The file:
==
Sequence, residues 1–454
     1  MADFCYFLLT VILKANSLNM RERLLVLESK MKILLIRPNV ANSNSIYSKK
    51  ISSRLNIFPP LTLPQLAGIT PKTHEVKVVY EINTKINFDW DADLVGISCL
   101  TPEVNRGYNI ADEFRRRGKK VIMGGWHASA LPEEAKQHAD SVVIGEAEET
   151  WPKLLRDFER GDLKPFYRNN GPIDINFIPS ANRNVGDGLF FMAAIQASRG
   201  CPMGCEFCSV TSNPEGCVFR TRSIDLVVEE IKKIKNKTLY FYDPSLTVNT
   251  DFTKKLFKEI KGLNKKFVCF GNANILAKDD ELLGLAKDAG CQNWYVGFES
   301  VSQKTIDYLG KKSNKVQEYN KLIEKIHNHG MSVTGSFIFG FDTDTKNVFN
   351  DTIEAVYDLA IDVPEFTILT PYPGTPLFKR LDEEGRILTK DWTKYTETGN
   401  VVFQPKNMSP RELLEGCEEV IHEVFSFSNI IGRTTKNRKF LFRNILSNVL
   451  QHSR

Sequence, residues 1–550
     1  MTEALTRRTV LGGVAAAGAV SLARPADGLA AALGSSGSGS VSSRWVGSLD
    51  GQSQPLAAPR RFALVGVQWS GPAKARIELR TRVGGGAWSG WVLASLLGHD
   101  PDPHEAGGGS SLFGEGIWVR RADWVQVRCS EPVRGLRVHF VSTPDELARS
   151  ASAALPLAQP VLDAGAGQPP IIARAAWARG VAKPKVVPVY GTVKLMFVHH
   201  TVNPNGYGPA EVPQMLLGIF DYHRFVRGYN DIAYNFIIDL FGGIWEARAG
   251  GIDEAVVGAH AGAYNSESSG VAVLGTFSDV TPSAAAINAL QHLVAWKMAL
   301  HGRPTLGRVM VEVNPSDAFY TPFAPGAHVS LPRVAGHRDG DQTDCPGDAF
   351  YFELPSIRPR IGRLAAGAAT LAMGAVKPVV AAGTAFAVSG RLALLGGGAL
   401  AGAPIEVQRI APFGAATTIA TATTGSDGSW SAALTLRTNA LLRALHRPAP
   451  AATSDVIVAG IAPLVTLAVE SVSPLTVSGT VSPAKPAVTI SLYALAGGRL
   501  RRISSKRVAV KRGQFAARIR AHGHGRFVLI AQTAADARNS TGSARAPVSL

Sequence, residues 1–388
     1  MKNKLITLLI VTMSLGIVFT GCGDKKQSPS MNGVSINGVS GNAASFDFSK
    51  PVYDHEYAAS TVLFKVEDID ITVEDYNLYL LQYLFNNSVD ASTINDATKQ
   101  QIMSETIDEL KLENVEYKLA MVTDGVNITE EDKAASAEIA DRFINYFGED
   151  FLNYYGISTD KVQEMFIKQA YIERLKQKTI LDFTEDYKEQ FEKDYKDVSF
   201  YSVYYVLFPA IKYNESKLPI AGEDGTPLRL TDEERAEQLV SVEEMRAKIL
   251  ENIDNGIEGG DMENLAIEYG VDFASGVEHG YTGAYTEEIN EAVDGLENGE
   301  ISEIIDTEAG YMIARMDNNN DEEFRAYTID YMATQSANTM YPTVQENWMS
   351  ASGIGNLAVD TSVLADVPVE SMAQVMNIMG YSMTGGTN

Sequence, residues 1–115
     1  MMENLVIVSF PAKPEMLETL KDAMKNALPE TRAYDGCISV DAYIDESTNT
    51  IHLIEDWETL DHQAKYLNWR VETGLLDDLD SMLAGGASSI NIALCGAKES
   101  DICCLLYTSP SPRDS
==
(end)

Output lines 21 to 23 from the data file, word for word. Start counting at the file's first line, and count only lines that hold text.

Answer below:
   401  AGAPIEVQRI APFGAATTIA TATTGSDGSW SAALTLRTNA LLRALHRPAP
   451  AATSDVIVAG IAPLVTLAVE SVSPLTVSGT VSPAKPAVTI SLYALAGGRL
   501  RRISSKRVAV KRGQFAARIR AHGHGRFVLI AQTAADARNS TGSARAPVSL